Nappa Leather: The Ultimate guide To This Soft Supple Leather
6 min read
What is Nappa leather?
Did you know? - The name of the Napa Valley in California was derived from an attempt by settlers to pronounce words from the local Wappo and Patwin Native American tribes.
Selected Nappa leather hides are used to create Napa leather that mostly comes from kid, calf, cow, lamb, or other skin. Full-grain leather is preferred as it is the softest and most durable part of the hide.
Nappa leather is made from the outermost layer of the hide, which may typically sport a few imperfections or blemishes but using top-grain or corrected leather which both constitute a different grain structure, will not reach the same level of softness or durability as full-grain leather.
Napa leatheris considered to be a high-quality, luxurious leather that is expensive and is typically used in luxury motor vehicles and fashionwear like gloves, shoes, jackets, and accessories like belts, wallets, handbags, and briefcases.
A brief history of the origin of Nappa leather.
The name of the Napa Valley in California was derived from an attempt by settlers to pronounce words from the local Wappo and Patwin Native American tribes.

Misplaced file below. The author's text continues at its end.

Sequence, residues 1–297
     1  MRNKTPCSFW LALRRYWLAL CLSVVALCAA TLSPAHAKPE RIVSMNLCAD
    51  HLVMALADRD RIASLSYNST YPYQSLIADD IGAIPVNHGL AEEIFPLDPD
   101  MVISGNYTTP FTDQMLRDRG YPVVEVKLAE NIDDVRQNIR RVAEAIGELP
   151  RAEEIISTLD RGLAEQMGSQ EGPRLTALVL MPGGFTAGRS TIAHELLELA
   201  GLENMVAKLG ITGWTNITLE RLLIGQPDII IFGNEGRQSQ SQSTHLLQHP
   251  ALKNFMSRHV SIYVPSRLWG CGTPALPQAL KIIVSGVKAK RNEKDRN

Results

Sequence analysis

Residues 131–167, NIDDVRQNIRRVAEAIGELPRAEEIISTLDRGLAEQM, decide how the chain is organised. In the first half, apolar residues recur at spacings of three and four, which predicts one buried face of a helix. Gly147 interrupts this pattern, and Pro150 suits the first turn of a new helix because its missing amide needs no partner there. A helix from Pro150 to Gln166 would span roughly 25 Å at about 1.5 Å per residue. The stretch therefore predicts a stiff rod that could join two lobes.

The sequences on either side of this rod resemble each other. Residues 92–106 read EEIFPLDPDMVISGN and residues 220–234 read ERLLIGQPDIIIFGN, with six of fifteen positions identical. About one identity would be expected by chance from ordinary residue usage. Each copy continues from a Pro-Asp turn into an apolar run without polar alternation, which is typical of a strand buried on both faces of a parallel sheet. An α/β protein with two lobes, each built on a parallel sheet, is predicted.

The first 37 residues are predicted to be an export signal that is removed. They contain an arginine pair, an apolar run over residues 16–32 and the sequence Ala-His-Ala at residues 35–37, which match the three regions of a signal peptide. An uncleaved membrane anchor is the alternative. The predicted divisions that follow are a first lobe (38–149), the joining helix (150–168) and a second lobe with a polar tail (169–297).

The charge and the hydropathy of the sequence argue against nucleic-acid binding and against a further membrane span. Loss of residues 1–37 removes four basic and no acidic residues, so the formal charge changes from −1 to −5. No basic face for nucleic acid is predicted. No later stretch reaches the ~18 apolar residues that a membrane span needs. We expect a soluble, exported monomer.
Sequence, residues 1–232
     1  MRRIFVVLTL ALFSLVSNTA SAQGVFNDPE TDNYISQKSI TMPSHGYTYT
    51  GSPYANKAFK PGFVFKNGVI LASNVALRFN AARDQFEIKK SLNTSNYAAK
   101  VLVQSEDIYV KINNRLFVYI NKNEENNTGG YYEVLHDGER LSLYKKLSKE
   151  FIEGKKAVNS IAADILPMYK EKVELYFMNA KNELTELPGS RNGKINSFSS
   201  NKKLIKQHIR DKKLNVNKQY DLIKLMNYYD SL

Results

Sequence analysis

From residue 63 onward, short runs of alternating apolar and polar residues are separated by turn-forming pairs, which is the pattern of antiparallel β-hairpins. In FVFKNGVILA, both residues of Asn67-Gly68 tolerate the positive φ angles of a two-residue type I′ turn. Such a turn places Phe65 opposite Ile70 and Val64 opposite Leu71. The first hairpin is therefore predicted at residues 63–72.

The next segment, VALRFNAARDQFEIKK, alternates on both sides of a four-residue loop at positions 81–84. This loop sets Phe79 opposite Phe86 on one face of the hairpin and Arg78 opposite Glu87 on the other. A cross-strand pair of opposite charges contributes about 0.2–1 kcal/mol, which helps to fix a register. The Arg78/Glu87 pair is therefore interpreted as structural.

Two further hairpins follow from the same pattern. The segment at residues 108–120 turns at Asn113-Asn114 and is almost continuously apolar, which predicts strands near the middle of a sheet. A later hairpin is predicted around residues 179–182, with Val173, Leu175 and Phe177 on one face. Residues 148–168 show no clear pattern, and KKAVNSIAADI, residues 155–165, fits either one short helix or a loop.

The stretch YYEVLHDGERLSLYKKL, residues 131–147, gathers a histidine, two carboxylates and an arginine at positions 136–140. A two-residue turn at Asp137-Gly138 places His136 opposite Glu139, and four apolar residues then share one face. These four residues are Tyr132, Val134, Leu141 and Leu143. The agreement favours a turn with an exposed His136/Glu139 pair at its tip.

The city of Napa was founded in 1847 but was only recognized as Napa, California, after 1849, when California was granted statehood.
Prior to 1849, official documents show Napa spelled as Nappa, but after statehood was announced, the spelling changed to Napa.
Emanuel Manasse was born in Germany in 1842 and moved to Napa in 1871. He was the son of a leather tanner in Germany and continued the family trade in the U.S. By 1880, Manasse had become a partner in the Swayer Tanning Company in Napa.
It is believed that Manasse began producing Napa leather in 1875 to be used specifically for glove making. The term Napa or Nappa leather was derived from the area where it was first produced.
Lambskin Vs. Calfskin leather.
Both lambskin and calfskin leather is high-quality luxury leathers, but there are some remarkable differences that ultimately determine their application.
Lambskin leather is very soft and has a buttery feel to it.
It is also a lightweight and delicate leather, yet in spite of its thinness, it is windproof and stands up to cold climates better than most other synthetic materials.